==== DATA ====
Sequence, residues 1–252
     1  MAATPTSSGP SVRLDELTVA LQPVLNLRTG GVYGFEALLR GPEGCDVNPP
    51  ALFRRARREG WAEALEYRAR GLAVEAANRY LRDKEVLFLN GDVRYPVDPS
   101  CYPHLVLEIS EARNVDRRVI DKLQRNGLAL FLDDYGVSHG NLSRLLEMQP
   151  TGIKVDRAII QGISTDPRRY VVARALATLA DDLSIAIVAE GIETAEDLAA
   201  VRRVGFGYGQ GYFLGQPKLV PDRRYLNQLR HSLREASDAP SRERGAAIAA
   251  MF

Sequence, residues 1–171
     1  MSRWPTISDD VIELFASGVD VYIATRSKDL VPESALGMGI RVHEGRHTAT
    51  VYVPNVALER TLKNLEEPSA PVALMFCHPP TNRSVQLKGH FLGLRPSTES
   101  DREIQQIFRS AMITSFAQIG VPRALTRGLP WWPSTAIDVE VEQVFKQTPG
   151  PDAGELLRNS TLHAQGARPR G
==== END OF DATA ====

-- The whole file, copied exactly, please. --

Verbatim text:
Sequence, residues 1–252
     1  MAATPTSSGP SVRLDELTVA LQPVLNLRTG GVYGFEALLR GPEGCDVNPP
    51  ALFRRARREG WAEALEYRAR GLAVEAANRY LRDKEVLFLN GDVRYPVDPS
   101  CYPHLVLEIS EARNVDRRVI DKLQRNGLAL FLDDYGVSHG NLSRLLEMQP
   151  TGIKVDRAII QGISTDPRRY VVARALATLA DDLSIAIVAE GIETAEDLAA
   201  VRRVGFGYGQ GYFLGQPKLV PDRRYLNQLR HSLREASDAP SRERGAAIAA
   251  MF

Sequence, residues 1–171
     1  MSRWPTISDD VIELFASGVD VYIATRSKDL VPESALGMGI RVHEGRHTAT
    51  VYVPNVALER TLKNLEEPSA PVALMFCHPP TNRSVQLKGH FLGLRPSTES
   101  DREIQQIFRS AMITSFAQIG VPRALTRGLP WWPSTAIDVE VEQVFKQTPG
   151  PDAGELLRNS TLHAQGARPR G